MIAMI -- Negotiations to establish a Free Trade Area of the Americas (FTAA) ended two weeks ago with the participating countries saying that they would try to bring a watered-down version of the FTAA into existence by January 2005. But few believe that will actually happen -- mostly because the United States and the region's other economic powers remain so far apart on the same host of issues that led to the collapse of the 1999 World Trade Organization (WTO) meeting in Seattle and the WTO talks in Cancun earlier this year. The disagreements that have now put the FTAA on life support are something of a microcosm of the larger problems that have plagued the world of free-trade negotiations in recent years.
One of Bill Clinton's final acts as president was to secure Congress's approval for a $435-million component within the foreign-aid bill last October. This provision fulfills the pledge the United States originally made in 1996 at the Group of Seven (G-7) summit, where the world's seven richest governments agreed to finance a debt-relief plan for 41 of the poorest third-world nations.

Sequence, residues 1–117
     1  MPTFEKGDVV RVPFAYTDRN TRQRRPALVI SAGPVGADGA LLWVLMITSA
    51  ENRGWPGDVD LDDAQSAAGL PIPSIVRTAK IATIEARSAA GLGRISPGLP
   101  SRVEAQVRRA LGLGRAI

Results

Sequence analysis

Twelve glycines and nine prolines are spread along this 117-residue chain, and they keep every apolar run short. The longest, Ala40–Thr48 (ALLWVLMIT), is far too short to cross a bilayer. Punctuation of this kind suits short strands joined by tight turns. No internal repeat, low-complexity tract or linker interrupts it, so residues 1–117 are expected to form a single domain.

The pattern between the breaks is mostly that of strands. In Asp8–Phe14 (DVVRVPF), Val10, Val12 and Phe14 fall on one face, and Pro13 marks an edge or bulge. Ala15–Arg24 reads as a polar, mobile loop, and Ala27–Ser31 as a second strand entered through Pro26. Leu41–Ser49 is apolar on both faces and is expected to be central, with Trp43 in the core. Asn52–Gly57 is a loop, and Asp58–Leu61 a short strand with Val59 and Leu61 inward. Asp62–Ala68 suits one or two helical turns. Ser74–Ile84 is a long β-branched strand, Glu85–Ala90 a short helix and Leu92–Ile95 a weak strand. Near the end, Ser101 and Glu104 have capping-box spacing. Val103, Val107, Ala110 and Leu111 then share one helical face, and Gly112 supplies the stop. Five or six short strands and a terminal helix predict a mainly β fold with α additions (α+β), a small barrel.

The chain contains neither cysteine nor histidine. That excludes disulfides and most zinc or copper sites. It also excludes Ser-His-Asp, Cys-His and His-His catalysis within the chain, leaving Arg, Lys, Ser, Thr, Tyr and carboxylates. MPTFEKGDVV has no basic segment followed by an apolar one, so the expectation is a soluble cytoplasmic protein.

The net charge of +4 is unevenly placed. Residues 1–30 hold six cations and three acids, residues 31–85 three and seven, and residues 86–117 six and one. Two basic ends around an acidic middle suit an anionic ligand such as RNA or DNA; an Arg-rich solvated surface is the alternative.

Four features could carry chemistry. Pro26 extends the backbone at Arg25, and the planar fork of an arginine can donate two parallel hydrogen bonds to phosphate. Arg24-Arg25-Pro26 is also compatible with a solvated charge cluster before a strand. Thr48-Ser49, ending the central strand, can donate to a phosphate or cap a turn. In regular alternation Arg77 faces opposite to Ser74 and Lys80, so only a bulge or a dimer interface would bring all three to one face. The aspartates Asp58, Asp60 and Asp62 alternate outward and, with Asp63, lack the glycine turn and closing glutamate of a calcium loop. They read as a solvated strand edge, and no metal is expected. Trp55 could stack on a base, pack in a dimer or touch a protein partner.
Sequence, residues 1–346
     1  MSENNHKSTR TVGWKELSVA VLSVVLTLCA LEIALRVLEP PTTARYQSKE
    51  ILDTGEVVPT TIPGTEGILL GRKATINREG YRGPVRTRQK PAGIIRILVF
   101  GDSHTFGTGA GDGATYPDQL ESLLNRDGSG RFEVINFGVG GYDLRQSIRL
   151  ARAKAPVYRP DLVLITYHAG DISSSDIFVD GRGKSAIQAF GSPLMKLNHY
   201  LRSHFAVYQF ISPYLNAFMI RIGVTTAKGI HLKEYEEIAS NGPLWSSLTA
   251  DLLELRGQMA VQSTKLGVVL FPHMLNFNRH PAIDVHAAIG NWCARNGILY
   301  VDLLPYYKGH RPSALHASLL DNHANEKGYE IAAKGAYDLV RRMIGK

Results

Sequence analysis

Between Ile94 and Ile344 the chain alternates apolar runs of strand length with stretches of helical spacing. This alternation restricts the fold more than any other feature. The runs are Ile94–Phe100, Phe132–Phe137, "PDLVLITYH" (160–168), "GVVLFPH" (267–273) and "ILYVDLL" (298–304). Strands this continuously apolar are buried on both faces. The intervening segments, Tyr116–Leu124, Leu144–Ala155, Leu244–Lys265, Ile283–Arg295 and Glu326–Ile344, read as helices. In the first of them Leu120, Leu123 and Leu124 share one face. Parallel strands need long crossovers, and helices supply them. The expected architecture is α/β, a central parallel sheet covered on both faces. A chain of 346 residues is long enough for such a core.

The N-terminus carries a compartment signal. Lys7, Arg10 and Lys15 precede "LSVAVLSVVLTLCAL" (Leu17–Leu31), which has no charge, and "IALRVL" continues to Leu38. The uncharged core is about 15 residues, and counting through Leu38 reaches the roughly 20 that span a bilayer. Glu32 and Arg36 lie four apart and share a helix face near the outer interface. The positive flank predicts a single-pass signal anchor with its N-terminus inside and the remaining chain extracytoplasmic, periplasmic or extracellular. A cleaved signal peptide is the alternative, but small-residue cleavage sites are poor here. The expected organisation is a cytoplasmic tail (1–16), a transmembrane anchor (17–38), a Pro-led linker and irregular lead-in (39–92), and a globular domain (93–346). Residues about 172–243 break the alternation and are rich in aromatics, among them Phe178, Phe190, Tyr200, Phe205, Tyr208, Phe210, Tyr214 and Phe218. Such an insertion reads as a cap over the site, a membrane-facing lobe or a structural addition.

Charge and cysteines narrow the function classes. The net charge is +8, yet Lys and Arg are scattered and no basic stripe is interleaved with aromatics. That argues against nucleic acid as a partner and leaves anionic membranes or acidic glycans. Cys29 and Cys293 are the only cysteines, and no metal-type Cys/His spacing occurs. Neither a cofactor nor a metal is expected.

The plan--formally called the Debt-Relief Initiative for Heavily Indebted Poor Countries and commonly referred to as the HIPC initiative--was announced by the G-7 countries with much self-congratulatory fanfare. Yet, fraught with serious shortcomings and all-too-familiar strings attached, it is under fire by some of the biggest advocates of third-world debt relief.